Our clay story

Pots are obviously made from clay, but where is clay made? Most ceramists buy their clay from clay distributors, who get their clay from manufacturers, who blend clay from a wide variety of mined and other (sometimes surprising) sources (bone china is called that because of the ground, calcined cattle bone in it). Clay blending achieves very particular, precise and consistent results, such as whiteness, hardness or resistance to thermal shock.
In terms of productivity and efficiency, buying pre-prepared clay makes a lot of sense - one can spend time concentrating on creating things rather than on digging and cleaning clay; and the consistent results means fewer failures. 

However, we became curious about finding and trying local clay. Which, in a way, is just a logical extension of our interest in things like local food, transition towns, and our decision to live close to our place of work. Finding clay took a bit of work and included amusing, fruitless excursions based on there being a "Clay Road" in Balmullo and a random roam around Guardbridge because of a rumour that a potter from Tayport in the 1970’s used to dig up clay there. So we were delighted to find a single brick and some pots in St Andrews Preservation Trust Museum, with a label beside it saying they were from Seafield Brickworks, St Andrews. We knew of the brickworks at Errol, midway between Dundee and Perth and the other potteries in the Kirkcaldy area, but none in North East Fife. The curator at the museum kindly put me in touch with the Cuthills of Easter Kincaple Farm, where Seafield Pottery, Brick and Tile Works stood until 1940 (see the picture above, which is taken on the main road between Guardbridge and St Andrews). The Cuthills have been very supportive to us in our hunt for clay and in sharing documents and photos about Seafield Brickworks and this renewed Sean's enthusiasm for country pottery and continues to be a source of great inspiration. (See also 'Country Pottery' by Andrew McGarva as a great introduction to the genre).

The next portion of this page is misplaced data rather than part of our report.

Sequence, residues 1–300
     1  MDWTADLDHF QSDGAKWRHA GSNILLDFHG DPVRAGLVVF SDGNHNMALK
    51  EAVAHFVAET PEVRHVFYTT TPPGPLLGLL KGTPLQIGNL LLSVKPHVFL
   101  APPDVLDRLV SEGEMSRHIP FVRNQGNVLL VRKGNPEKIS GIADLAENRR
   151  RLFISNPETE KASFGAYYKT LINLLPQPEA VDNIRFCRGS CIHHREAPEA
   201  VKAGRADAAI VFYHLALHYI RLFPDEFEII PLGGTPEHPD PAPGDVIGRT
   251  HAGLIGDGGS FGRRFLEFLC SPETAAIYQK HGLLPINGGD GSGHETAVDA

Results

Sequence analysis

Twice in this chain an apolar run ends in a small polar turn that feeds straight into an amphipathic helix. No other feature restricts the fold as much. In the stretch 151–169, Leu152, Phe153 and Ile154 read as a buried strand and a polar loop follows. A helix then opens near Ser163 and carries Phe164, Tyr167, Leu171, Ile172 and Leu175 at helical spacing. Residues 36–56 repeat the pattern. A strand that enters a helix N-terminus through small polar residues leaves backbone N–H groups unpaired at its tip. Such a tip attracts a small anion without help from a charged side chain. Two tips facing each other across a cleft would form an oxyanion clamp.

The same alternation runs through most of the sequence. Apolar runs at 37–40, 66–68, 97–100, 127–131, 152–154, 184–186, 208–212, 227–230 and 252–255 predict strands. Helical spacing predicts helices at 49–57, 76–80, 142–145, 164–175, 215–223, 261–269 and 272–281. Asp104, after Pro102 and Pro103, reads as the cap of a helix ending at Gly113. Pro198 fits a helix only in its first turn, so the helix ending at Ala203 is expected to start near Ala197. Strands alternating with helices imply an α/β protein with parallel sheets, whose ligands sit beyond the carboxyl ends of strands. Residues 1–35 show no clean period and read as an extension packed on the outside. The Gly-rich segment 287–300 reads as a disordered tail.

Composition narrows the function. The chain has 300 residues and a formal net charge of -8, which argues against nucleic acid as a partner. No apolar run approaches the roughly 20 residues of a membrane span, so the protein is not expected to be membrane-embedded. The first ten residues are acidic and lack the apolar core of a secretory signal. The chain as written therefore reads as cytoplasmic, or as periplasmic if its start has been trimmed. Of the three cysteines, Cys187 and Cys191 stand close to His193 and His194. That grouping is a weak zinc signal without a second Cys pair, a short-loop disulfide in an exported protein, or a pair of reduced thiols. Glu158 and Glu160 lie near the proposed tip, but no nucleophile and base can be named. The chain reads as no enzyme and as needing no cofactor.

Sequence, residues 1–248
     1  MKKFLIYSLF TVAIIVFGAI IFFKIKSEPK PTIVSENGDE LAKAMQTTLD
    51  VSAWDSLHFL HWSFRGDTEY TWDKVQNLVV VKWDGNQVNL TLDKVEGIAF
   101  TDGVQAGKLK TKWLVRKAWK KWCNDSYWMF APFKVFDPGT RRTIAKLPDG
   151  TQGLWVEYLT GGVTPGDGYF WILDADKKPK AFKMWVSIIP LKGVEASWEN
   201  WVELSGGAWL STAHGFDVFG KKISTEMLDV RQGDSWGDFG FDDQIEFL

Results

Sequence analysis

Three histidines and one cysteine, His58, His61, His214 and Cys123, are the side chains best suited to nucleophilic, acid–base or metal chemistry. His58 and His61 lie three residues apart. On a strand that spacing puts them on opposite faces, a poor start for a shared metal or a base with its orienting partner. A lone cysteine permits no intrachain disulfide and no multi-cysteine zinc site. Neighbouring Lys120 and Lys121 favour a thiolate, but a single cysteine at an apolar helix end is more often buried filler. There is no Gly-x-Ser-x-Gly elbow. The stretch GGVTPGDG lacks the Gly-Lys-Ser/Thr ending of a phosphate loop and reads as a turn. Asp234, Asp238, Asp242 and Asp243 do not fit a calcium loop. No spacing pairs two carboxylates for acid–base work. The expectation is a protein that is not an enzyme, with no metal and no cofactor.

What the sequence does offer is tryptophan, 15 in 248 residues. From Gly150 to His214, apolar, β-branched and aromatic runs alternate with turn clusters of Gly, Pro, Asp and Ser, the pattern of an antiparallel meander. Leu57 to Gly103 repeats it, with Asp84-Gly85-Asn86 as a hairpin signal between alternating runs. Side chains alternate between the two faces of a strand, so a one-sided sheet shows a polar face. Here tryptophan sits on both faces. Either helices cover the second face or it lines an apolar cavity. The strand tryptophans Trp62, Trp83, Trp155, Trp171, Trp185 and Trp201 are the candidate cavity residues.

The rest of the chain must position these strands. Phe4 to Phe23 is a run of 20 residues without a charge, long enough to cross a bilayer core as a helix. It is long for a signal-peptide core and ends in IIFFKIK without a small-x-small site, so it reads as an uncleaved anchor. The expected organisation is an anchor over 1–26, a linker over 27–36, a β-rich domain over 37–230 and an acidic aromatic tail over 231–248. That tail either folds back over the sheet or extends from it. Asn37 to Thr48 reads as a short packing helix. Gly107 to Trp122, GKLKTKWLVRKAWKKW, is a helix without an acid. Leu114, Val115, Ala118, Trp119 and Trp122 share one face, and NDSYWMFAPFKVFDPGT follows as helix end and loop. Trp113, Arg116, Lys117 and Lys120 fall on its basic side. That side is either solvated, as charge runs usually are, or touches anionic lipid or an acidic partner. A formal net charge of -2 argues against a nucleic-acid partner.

We think we are learning a lot through the experience of digging for our own clay that is different from reading or hearing about it. This is common sense: reading or watching tv programmes about climbing is very different from actually doing it, but sometimes we forget that. We have experienced what a time-consuming business clay digging and preparation is, but that it is also rewarding in the same way that growing and eating your own potatoes is. It may not appear particularly glamorous, but it is fascinating and, well, earthy. Doing it helps us to get to the core of pottery, back to basics of clay earth and fire. The rewarding experience of digging clay, knowing the history of Easter Kincaple Farm and Seafield Brickworks, our love of earthenware pottery and the enjoyment of making gave us the idea to experiment with using the old practise of country pottery as a starting point to put into practise contemporary thinking (for example sustainability, local supplies and the slow movement), with the aim of creating a local, carbon neutral pottery.
However, none of that answers where clay is made. Our clay is a consequence of around 30,000 years of rock erosion and was at one time under the sea. Seeing where it has eventually settled and realising this isn’t it’s the end of it’s journey, puts the fact that our clay was last fired by the Seafield Pottery, Brick and Tile Works more than 50 years ago into some perspective.